But I still had some time to go to Franz Liszt’s house, since I purchased a combination ticket to save some money on the museum visit. So I navigated myself through Weimar to Liszt’s house, mind still full of some of the art I saw in the Schloss Museum. Seeing his house was cool and hearing his music was even better. I was very satisfied by the end of my visit.


On Saturday, Professor Vivian took everyone to Eisenach, which meant another train ride. Don’t worry. We weren’t kicked off this one. Though, it had stormed the night before, and the temperature dropped from the low 90s to the low 60s.

When we got to Eisenach, we caught a bus to go see one of the things I wanted to see my entire life: the Wartburg Castle, the very dwelling where Martin Luther was taken after his friends had kidnapped him to save his life.

We got a group tour, and the castle is absolutely wonderful. I wish I had my camera on me. But visiting there is something that I will never forget. The rooms were gorgeous, well, at least the ones where the royalty stayed. We learned a lot about St. Elisabeth, a princess who lived in the Wartburg castle who fed the hungry and did many other good deeds. She ended up being Amanda’s saint she chose for her confirmation. Oh Catholics and their saints. (I mean that in a friendly manner).

We saw lots of art and artifacts, and it was a while before we found ourselves in Luther’s room. It was really neat to see the place where the New Testament was translated into the common language, considering it was only in languages that only the highly educated knew prior to Martin Luther. No one else really seemed as enthused as I was, but that’s probably because I was “geeking out” a little too much.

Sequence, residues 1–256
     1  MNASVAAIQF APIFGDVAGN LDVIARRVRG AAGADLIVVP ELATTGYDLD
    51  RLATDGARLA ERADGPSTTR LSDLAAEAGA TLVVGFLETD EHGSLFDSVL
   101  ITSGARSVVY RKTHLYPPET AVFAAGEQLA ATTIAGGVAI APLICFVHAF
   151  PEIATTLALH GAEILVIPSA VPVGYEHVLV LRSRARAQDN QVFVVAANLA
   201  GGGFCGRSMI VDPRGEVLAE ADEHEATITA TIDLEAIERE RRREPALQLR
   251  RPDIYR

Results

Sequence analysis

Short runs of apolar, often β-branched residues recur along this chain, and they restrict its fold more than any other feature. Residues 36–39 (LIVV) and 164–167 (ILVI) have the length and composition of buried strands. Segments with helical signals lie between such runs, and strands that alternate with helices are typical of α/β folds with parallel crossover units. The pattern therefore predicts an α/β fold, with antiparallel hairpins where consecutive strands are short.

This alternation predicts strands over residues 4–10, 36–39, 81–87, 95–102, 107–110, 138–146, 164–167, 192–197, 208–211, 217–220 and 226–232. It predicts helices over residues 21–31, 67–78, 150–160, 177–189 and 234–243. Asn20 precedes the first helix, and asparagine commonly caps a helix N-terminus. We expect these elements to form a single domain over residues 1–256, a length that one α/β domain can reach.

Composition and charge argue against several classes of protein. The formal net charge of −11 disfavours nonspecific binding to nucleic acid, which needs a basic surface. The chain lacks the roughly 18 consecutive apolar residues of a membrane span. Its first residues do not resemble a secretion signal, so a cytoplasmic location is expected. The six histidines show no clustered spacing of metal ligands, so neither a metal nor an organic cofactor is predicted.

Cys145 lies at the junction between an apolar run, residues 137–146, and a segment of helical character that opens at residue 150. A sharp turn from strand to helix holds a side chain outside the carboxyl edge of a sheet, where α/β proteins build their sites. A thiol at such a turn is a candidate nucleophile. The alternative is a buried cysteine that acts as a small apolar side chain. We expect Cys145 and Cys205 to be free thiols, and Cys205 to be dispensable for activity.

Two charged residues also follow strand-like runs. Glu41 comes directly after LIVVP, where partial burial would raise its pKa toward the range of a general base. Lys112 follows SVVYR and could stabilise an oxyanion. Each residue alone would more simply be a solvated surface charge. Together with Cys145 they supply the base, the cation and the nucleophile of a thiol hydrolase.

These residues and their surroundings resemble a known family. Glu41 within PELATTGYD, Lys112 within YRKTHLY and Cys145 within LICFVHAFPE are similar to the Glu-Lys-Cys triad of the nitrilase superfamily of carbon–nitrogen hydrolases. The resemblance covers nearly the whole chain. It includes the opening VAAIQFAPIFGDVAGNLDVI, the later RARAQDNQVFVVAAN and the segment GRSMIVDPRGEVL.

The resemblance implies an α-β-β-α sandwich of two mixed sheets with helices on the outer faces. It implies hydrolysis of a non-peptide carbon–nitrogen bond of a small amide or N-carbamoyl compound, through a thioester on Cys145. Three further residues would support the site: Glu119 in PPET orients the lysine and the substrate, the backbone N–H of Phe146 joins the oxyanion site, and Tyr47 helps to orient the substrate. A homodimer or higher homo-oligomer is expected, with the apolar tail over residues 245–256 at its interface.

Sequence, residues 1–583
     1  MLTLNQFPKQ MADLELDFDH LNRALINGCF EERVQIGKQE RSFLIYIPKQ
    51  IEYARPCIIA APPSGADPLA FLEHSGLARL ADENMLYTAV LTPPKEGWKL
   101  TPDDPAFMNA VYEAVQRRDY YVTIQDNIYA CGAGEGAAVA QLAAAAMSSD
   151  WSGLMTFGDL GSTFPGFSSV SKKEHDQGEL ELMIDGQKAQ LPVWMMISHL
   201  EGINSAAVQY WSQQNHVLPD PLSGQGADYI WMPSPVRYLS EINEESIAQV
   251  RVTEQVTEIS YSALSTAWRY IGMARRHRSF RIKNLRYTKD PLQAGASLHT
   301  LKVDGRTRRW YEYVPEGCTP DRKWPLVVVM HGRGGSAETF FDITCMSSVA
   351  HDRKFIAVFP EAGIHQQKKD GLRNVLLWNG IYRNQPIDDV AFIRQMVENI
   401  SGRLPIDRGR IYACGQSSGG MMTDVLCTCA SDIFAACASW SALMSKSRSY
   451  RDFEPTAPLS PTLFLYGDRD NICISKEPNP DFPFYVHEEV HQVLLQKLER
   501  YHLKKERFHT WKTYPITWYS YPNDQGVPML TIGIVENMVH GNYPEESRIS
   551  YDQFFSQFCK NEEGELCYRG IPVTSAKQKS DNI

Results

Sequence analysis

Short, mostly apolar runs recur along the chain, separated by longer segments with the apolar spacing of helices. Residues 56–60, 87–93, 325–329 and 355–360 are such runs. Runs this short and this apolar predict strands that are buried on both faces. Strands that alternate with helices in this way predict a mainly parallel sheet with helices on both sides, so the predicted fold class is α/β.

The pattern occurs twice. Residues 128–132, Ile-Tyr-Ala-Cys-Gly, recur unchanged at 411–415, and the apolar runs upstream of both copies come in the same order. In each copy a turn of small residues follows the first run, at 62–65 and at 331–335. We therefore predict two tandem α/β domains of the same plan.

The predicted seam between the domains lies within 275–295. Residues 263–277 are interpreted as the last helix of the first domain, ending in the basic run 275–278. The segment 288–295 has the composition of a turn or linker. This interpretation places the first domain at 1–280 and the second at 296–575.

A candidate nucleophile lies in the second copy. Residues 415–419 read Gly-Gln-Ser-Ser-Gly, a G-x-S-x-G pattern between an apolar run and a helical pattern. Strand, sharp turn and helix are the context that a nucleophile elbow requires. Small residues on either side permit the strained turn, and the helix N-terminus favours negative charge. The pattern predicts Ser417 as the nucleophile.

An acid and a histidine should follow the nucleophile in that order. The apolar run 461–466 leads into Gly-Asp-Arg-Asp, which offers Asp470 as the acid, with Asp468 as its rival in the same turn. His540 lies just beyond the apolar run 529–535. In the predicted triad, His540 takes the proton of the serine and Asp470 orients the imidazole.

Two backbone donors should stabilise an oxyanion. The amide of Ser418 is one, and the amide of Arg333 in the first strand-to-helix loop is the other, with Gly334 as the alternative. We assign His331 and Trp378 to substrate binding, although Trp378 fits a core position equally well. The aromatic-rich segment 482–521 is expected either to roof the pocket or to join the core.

If you’re ever in Germany, go to Eisenach and visit the Wartburg castle. It’s history will amaze you. And no, I didn’t find any secret passages there, either. Silly locked doors.


And today, Monday, was my first day of class. I had a 1:30 PM Martin Luther course (I actually feel like a college student, considering I had all 8:30 AM classes every day last year!), and then a 3 o’clock tour with that professor, which was awesome, because he told us about the most historical places in Wittenberg and the best places to eat. So far, Missie and I are planning trips to a pastry shop, a soup bar, and an Italian place. And a bunch of us want to see the film Slumdog Millionaire, which is airing in one of Cranach’s courtyards on Saturday.

Anyway, back to the Luther class. Almost all of it was in German, and I understood most of it, which was awesome. We’re not really going to be studying the theological aspect of the Reformation, more of the Reformation and why it was good for Europe. That’s fine with me, but I hope to dig into theology a little bit, since it has had such a huge impact on my life.

And we had a BBQ today with a bunch of other international students: Japanese, British, Welsh, Polish just to name a few. It was fun; we played badminton and other games. The food wasn’t bad either. Who am I kidding? It was a free dinner, so of course it was good!

Now I have to finish my homework for tomorrow: German conversation and Landeskunde (which is history).

So far, I’m enjoying my time here in Germany.

2 Responses to “Weimar, Post 2”

  1. Abby, I read with interest what you had to say about the reaction people have to your study of German. Yes, there are many misinformed people out there — glad to see that you aren’t one of them!

    I am curious how the people your age in German feel about this topic…

  2. I went to Buchenwald with some family members a few years ago, and it was as searing as you describe. I tried to write a poem about it, since I wanted to do something.